South Crofty Mine Underground 5: The ride in the cage down Cooks Shaft was always an adventure. By the time the cage reached the 400 Fathom level my guts were usually about half way down. Sadly, not a good thing to do when hung over from the night before. I never knew where I was going unless it was a specifically planned day to old parts of the mine. The more I could see the better.
This page covers the important task of Rock Bolting, this was required when the structure of the rock had been weakened or fractured. The main method of Rock Bolting used at South Crofty was “Mechanically Anchored Bolts” The bolts were usually 1.8m split sets. So a 1.8m hole was drilled the bolt inserted. It was then tensioned up using the drill. Thick mesh as seen in the image below was often used in conjunction, in order to physically hold the loose surface together.
The remaining images on this page were taken in Dolcoath South 340 Fathom Level. I went here during one of my trips Nick Le Boutillier. The pillars here were packed full of Tin and I managed to get a few samples. The miners here were Malcolm Harris and Billy (Cowboy) Bettison. Billy has told me since that he remembered this drive clearly, because it was very unsafe and unstable. Making it a very dangerous place to be.
Billy Bettison has kindly written some lines on the life of a Development Miner. He has my thanks, a great addition to to the page and the history on here.
The normal day in a Development Miners Life. Firstly have a crack with the boys waiting for the cage to go underground. Arrive at your level, then walk to your end or grab a loco and drive along the track. Collect your powder or explosives from the underground magazines and head off for the day.
The first job would be go to the face and wash down after previous days blast. Once all the dust is damped down go and look at the ground. If necessary go in with a pinch bar, bar any loose material down to make safe for mucking out. Start the mucking out, usually with a Eimco or a Copco back mucker which loads the wagons behind. Once the wagons are loaded drive down the tracks to the grizzle area, tip the wagons and then carry on until the face is cleaned out.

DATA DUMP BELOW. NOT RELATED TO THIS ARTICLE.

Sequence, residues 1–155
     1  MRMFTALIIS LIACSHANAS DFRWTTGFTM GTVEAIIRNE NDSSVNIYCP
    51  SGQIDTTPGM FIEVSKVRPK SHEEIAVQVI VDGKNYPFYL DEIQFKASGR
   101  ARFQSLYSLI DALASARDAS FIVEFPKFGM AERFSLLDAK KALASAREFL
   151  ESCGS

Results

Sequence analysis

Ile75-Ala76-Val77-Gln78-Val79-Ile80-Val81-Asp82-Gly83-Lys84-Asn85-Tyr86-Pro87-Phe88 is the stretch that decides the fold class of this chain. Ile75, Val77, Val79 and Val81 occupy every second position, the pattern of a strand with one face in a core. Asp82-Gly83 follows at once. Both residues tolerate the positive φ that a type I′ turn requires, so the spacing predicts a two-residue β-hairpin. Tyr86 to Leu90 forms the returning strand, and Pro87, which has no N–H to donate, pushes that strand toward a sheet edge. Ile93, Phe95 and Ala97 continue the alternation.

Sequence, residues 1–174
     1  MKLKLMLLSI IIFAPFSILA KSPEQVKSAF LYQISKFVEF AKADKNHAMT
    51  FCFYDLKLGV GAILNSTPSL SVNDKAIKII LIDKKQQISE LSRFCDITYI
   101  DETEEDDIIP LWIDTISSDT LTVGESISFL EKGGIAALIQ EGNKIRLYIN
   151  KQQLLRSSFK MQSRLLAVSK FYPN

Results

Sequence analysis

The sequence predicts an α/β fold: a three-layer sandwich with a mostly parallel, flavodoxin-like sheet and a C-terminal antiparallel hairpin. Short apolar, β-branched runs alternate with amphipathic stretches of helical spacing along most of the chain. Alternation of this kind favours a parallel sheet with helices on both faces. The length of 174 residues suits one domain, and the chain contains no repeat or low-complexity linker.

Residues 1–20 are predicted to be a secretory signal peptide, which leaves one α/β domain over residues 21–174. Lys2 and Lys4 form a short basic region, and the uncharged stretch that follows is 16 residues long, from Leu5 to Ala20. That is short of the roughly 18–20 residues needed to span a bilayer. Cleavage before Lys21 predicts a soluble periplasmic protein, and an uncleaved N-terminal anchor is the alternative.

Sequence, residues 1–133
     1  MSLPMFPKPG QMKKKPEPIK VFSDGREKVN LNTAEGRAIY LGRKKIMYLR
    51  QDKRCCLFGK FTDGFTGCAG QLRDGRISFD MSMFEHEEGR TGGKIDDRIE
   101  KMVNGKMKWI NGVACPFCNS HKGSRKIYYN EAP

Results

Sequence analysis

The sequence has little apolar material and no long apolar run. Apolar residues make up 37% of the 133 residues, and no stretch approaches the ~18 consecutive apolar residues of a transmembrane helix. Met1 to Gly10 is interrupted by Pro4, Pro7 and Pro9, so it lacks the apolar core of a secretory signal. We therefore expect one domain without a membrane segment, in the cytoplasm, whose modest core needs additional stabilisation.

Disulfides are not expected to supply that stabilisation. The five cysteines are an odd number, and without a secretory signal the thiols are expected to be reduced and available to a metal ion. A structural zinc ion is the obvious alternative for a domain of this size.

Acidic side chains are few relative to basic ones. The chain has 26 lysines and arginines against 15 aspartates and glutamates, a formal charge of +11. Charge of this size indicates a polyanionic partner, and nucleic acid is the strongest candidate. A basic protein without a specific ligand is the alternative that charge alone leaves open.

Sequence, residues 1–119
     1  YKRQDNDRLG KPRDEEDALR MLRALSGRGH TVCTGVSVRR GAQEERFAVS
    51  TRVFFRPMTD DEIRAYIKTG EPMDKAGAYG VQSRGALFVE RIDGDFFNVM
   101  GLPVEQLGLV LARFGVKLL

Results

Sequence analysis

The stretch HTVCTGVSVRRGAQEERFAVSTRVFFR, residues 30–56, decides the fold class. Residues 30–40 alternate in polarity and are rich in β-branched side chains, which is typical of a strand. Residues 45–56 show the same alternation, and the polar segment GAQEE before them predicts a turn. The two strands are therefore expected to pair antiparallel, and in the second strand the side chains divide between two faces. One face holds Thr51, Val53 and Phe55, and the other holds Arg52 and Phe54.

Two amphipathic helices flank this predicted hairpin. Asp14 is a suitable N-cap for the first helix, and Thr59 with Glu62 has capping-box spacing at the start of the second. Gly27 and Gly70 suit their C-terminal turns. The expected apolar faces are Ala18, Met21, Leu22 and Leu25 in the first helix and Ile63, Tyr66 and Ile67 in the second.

If needed you would have to lay track which was the hardest part of the job. Blowing out the ground with a blowpipe to fit the sleepers in. Also you would have to put your services in, water and air pipes. When this has been done, set up to drill. Two of you would be drilling, helping each other to colour your holes off. Every instruction because of the noise was done by your cap lamp. Once drilling has been completed we would charge the face with Anfo if dry. If the conditions were wet normal sticks of dynamite were used, then bang and off she goes.
During the drilling you can use various cuts depending on ground conditions: 5, 6, 7 or 9 hole. Also if you want to throw the dirt back you would use a wedge cut. When charging the face the lowest number would be in the middle of the cut. You would fire the cut first making the small hole bigger from the inside and time the holes from inside to out. So, the cut would go first then the box and diamond, stripping holes, eassers, side holes ,top holes then last of all the bottom holes the lifters. Then do it all again the next day.
As a rule a development end is mined on waste parallel to the load /seam. Draw points are mined to the base of the lode where the lode is then stopped out in benches. However if it is mined on lode the old method of Cousin Jack timber ore chutes were put in to remove the broken ore. After the shift all out on the cage, shower in the dry and home.